Since my last post, several people have made the point that it is fine to say what they did wrong, but it might be more helpful to tell them how to fix it. So here goes – do more kihon practice.
OK, let me be more specific. I highlighted three problems:
- Not using the left hand
- Not being able to push off instantly from your left foot
- Not hitting your opponent
The first two are the easiest to resolve and in doing so there is a good chance number three will go away, so I will save that for another day.
The left hand problem is relatively simple, given that you want to change. Most people can cut correctly when doing basic exercises and drills, but stiffen up when they get into jigeiko. To my view this suggests that we all should do more kihon and less free practice, but back to the point in hand! You get the cutting action right through practicing correct suburi. Try the following:- Stand in front of a mirror, (or get someone to video you), and make sure your posture is correct – back straight, with your balance just slightly forward from perpendicular, feet well spaced and shoulders relaxed. Now look at your kamae. Your left hand should be in line with your navel and your right hand directly in front, touching the tsuba with your knuckle. The point of your shinai should line up with the throat of an imaginary opponent of your own height. Your arms should be relaxed and close to your body but with elbows and wrists relaxed. You should also allow space for your arms to move freely without sticking on your dou.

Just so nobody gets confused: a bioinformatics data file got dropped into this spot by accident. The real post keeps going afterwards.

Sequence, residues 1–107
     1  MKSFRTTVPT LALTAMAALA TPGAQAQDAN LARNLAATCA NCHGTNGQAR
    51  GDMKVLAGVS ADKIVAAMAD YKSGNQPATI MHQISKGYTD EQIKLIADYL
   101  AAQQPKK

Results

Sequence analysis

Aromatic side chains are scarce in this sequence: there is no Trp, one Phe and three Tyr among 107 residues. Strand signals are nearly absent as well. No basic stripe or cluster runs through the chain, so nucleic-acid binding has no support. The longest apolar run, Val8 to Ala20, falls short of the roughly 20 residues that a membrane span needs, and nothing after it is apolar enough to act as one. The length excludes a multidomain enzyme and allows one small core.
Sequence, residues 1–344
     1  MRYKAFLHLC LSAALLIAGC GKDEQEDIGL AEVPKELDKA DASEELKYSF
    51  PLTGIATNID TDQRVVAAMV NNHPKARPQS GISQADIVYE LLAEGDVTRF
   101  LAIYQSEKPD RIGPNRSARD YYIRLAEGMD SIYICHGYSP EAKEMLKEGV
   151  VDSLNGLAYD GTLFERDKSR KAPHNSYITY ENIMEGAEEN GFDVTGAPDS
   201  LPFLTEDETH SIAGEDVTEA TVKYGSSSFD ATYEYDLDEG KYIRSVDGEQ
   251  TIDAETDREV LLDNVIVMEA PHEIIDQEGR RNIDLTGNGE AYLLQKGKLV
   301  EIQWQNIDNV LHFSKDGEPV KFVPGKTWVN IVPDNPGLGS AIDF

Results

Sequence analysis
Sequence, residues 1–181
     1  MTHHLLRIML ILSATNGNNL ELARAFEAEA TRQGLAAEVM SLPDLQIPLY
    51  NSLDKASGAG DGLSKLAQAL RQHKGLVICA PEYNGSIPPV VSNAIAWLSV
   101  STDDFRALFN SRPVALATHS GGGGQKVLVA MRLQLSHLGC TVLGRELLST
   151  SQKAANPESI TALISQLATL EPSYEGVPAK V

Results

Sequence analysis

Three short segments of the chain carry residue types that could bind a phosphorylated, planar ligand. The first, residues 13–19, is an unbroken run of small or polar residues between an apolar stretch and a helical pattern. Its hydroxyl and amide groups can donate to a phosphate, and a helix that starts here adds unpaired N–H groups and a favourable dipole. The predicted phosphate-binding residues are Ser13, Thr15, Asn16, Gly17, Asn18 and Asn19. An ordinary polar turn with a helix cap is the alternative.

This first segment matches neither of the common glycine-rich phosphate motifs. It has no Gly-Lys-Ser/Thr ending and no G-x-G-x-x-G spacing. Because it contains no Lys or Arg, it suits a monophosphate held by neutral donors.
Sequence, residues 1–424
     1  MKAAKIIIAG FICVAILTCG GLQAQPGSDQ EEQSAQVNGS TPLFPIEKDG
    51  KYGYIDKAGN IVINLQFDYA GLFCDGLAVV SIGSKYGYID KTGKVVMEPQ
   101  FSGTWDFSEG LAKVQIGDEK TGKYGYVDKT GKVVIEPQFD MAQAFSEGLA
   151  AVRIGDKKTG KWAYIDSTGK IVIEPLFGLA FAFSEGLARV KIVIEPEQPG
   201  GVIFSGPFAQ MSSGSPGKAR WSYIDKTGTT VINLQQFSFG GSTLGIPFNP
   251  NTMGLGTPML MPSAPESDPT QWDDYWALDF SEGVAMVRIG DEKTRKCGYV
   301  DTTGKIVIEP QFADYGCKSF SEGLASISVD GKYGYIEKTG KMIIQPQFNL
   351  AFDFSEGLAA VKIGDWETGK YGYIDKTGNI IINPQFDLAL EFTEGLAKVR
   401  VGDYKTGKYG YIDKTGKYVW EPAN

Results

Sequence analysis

Make sure that you are gripping correctly, hold the shinai with your little finger and ring finger with the rest of your hand loose. Now start suburi with the feeling of pulling up with the left hand to just above your men. The point of the shinai should not go back too far, 45 degrees at the most. When you make the strike, ensure that your left hand always stays below your right, but that you extend your right wrist so that the eventual destination of the shinai is the chin of your opponent, squeezing gently with your right hand just after reaching the top of the men. Ensure that you lift and strike in one continuous movement and that your hands are turned in rather than out. Finally come to a complete stop after each cut and ensure that your balance and posture is right before the next.
This can be done in pairs, taking turns to hold the shinai above your head and stepping backwards and forwards for your opponent to make renzoku suburi. Chiba sensei suggests doing this in a set of 200, so you keep relaxed from the outset.
To my mind the best way to fix the drive from the left foot, is to work in pairs, wearing men and kote. Face each other in issoku, itto maai and build pressure between you with strong kiai and kamae. Ensure posture and kamae are correct, then kakarite should move his weight from 50:50 to 70:30 left foot : right foot and also 70:30 between ball of foot and heel on the left foot. When motodachi feels that pressure has built to a maximum, he or she should make a small step forward on the right foot, opening their kamae and inclining their head forward. Kakarite should instantly push off from the left foot and strike in one action. Practise this in sets of four or five changing motodachi after each set. Now you have the perfect debana men – which should keep you going until you make hachidan.